Tuesday, May 24, 2011

Group warns vs high lead levels in toys

Made and imported wooden toys have been found to contain high levels of lead, a neurotoxin that can cause brain damage, a chemical safety advocacy group said on Tuesday.

Six of the 11 imported and locally-produced toys it bought last year and later sent abroad for laboratory analysis showed "the disturbing quantities of lead in some painted wooden toys," the EcoWaste Coalition said in a statement.

High quantities of the substance "can harm our children's smaller and still growing brains and bodies instead of providing them with educational and recreational benefits," the group's statement said, citing one of its members, actress Chin-Chin Gutierrez.

"We urge the authorities to take tough actions to rid the toys market of lead-tainted products, including recalling toys that are unfit and unsafe for children's use. We can and we must prevent lead poisoning of our children from toys," said Gutierrez, who is also a Steering Committee member of the EcoWaste Coalition.

Toys can last for some time and pose a health hazard for as long as they are accessible to children. As the toys age, they are more likely to have their paint become loose and thereby be more available to kids and contribute to lead exposure.

A Philippine-made colorful nautilus jigsaw puzzle which was tested using atomic absorption spectroscopy in the University of Cincinnati in Ohio, USA was found to contain the highest amounts of lead in 14 of its component parts with lead levels between 6,039 to 45,671 parts per million.

Other toy samples with parts loaded with lead include a wooden ornamental pin with one part containing up to 20,740 ppm lead; a tractor with wagon with lead concentrations between 2,055 and 11,764 ppm; another pin with two parts having 4,101 and 4,888 ppm lead; a "learn to count" puzzle with lead levels up to 152 ppm; and a barnyard puzzle with one part having 95 ppm lead.

The maximum allowable total lead content is at 90 ppm for children's products, including toys, the group said, citing the US Consumer Product Safety Improvement Act of 2008.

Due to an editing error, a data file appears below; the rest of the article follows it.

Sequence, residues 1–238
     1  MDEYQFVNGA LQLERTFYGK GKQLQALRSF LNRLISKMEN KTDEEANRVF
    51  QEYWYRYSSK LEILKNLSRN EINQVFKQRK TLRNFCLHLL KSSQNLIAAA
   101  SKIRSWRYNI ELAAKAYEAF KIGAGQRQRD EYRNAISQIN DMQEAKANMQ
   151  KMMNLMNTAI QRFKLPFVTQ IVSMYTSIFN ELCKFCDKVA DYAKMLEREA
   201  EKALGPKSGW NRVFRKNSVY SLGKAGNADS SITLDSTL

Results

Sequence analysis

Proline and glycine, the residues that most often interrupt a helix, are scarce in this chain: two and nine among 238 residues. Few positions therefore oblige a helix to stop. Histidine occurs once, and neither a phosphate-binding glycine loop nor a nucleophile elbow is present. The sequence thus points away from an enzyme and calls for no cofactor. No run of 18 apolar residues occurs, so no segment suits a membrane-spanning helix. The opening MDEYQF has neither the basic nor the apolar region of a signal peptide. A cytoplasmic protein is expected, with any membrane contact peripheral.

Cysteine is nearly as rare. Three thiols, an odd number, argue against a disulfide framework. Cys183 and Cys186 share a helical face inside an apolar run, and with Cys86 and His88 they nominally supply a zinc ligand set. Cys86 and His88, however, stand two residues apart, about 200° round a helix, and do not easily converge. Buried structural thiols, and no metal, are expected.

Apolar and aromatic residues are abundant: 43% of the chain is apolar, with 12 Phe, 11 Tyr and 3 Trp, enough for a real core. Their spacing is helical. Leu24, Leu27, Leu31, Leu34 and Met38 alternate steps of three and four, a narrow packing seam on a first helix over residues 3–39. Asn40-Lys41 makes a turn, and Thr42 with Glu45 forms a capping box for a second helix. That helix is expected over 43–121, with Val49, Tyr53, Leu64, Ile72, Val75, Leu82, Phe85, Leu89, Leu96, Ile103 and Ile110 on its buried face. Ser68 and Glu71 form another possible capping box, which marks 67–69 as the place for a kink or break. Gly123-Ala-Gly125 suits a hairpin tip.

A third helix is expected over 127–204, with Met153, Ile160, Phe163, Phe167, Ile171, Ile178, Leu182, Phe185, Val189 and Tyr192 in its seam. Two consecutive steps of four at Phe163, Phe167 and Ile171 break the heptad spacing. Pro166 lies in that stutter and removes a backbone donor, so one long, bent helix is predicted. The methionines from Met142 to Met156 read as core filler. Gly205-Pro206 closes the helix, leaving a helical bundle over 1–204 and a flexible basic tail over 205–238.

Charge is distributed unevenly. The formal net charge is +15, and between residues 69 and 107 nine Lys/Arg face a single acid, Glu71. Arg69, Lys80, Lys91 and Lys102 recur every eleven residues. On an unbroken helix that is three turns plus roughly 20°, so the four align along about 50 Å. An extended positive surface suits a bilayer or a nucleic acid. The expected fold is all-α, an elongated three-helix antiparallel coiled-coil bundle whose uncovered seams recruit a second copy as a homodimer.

But at the same time, the Coalition cited health experts who say that there really is no safe ceiling for lead exposure in children.

During a press conference it held Tuesday, toxicologist Dr. Bessie Antonio of the East Avenue Medical Center identified a range of health problems linked with children's exposure to lead, including damage to the brain and the nervous system, speech and language handicaps and other developmental delays, low intelligence quotient and other learning disabilities and disorders, attention deficit disorder and other behavioral problems, reduced bone and muscle growth, etc.

For his part, Thony Dizon, Coordinator of the EcoWaste Coalition's Project Protect (People Responding and Organizing against Toxic Chemical Threats), outlined several action points addressed to key government departments.

It asked the Department of Environment and Natural Resources to issue a health-based Chemical Control Order for the elimination of lead-added paints and articles to curb childhood exposure to lead.

It also sought the Department of Health's cooperation in strengthening the enforcement of DOH Administrative Order 2007-0032. The order regulates the issuance of license to operate to companies that manufacture, import, or distribute toys for the local market, to test toys for lead and to initiate the recall of lead-contaminated toys.

Similarly, it appealed to the Department of Education to screen donations of toys and school supplies for DepEd's K+12 Basic Education Program, and also to order the compulsory use of lead-free paints in school painting and re-painting activities.

The group also said that the Department of Trade and Industry should review the Philippine National Standards (PNS) for toys to prohibit the production, importation, distribution and sale of toys and other children's articles loaded with lead and other chemicals of concern such as phthalates.

The Department of Finance through the Bureau of Customs should exert all measures to stop the entry of untested, unlabelled, and unregistered toys from overseas.

The EcoWaste Coalition also urged the government to ask toy manufacturers to examine the lead content of items that they have sold in the past and also include them in the recall if found to contain lead.

To illustrate the magnitude of this toxic challenge, the EcoWaste Coalition said that the US Consumer Product Safety Commission issued 137 recall orders from 2007 to 2009 for over 10 million imported toys due to high lead content.


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